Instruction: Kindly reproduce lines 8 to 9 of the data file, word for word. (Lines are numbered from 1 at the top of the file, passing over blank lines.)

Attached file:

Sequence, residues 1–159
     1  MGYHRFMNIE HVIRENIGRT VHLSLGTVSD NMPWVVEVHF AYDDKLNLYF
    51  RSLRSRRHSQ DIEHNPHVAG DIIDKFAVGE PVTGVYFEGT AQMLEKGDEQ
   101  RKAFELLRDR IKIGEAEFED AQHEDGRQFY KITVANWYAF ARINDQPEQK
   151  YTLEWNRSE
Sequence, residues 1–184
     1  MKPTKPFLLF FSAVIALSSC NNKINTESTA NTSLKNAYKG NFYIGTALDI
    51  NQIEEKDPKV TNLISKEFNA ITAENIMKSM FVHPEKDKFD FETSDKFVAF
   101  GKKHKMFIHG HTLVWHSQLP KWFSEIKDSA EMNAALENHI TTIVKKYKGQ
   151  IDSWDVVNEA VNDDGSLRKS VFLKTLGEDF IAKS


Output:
    51  NQIEEKDPKV TNLISKEFNA ITAENIMKSM FVHPEKDKFD FETSDKFVAF
   101  GKKHKMFIHG HTLVWHSQLP KWFSEIKDSA EMNAALENHI TTIVKKYKGQ